The stay means the appeal will determine when and if the Austin ordinance will go into effect. Although briefing deadlines in the appeal come before the original implementation date of October 1, 2018, it is unlikely the Court of Appeals will hear and rule upon the issues before that day. Crazier things have happened however, and employers need to be equipped to implement changes to payroll practices at a moment’s notice to comply with the Austin ordinance.
What Employers Need To Do:
October 1, 2018, is no longer set in stone as the start date, and thus employers should prepare, but not implement changes to comply with the Austin ordinance. Regardless of the current legal and legislative battles, mandatory sick leave will be here in Texas – someday. Indeed, mandatory paid sick leave is quickly becoming a reality in many major cities and many states including Arizona, Connecticut, California, Massachusetts, Oregon, Vermont, and Washington have enacted paid sick leave laws.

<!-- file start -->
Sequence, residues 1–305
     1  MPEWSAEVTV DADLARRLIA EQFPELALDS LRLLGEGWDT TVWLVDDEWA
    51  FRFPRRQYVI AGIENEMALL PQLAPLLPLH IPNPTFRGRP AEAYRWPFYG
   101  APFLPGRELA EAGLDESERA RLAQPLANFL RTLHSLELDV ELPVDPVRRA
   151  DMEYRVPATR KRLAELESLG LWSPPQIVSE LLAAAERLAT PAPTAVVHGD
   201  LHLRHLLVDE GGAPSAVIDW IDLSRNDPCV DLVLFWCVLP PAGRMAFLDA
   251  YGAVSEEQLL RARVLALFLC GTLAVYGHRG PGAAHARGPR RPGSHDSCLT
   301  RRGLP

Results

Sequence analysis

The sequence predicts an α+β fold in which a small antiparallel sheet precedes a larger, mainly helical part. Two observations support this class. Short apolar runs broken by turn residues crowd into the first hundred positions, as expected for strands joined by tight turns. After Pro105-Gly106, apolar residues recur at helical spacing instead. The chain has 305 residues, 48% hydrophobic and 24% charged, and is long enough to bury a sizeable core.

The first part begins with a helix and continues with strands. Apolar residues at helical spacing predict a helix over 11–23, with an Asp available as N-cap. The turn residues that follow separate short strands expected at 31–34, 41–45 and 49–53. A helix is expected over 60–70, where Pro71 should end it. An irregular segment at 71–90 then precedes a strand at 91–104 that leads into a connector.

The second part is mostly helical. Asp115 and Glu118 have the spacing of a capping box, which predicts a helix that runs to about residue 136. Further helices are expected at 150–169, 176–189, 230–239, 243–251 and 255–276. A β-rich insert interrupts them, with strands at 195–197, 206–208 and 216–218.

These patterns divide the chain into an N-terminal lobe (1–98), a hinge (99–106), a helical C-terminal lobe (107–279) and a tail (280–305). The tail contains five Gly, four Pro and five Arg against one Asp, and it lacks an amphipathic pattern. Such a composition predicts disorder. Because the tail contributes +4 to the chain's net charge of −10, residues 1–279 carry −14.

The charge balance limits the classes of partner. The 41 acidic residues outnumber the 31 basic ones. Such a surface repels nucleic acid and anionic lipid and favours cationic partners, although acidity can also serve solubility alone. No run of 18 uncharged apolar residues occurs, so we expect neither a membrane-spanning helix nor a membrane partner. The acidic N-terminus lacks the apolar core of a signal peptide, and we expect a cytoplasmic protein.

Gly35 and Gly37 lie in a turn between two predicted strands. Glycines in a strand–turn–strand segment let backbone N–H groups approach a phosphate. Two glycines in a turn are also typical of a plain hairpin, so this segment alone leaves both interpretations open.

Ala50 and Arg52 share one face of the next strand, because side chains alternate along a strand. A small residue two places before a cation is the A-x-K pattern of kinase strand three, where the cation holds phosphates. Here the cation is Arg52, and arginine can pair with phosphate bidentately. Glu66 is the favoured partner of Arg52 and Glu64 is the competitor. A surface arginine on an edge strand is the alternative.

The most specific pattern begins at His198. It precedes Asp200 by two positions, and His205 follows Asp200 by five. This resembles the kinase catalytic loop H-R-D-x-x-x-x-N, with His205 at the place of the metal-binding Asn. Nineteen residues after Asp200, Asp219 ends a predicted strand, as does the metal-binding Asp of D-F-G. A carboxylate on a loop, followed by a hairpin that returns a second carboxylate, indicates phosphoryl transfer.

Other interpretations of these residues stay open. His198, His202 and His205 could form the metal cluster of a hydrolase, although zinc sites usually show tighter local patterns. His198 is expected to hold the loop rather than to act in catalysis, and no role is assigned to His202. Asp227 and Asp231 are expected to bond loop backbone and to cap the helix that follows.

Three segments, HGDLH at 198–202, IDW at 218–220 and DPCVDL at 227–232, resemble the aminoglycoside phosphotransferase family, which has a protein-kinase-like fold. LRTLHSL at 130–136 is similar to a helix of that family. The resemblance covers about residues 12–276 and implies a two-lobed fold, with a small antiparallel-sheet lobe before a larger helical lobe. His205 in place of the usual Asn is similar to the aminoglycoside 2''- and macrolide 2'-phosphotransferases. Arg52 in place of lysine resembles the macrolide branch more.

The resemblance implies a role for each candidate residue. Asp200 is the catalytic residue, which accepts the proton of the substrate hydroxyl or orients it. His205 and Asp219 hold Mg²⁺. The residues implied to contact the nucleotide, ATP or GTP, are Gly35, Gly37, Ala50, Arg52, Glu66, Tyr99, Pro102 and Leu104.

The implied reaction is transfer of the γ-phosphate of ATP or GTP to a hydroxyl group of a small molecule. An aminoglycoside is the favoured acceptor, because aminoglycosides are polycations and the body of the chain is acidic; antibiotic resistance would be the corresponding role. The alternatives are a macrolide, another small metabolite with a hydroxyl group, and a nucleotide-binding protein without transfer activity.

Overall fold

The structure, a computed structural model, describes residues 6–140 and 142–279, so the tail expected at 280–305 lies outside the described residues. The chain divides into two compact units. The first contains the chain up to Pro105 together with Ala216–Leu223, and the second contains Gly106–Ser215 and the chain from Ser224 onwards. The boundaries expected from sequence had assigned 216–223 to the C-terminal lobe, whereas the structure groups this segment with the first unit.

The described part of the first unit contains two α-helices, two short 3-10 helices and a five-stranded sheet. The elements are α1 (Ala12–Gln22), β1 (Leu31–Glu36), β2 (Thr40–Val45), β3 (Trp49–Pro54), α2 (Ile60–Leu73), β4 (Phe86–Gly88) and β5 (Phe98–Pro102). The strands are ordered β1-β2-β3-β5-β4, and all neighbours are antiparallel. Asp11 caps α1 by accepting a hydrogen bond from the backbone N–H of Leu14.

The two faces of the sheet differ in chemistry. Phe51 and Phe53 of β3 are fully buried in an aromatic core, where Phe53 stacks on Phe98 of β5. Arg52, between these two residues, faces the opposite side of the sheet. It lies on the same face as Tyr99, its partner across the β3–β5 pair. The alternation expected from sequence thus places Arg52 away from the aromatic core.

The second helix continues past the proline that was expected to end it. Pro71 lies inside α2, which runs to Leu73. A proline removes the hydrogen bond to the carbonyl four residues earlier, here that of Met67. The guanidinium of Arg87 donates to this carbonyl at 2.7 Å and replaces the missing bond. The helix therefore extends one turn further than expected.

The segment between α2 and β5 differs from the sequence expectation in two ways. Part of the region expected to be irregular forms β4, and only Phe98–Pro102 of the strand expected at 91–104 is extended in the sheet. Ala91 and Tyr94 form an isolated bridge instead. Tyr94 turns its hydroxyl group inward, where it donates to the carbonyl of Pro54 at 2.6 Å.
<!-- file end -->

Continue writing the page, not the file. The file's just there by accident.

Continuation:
Employers would be prudent to prepare for current, as well future, obligations. The employment law team at Cokinos | Young can provide effective, common sense assistance to prepare Texas employers in this ever-changing environment. Employers should work with legal counsel to find practical solutions for compliance and transition to lessen the impact of changes on operations, employee morale, and budgeting. Employers should audit handbook policies, PTO and vacation policies, verification procedures, and payroll systems to determine how to prepare for the Austin and San Antonio ordinances going into effect.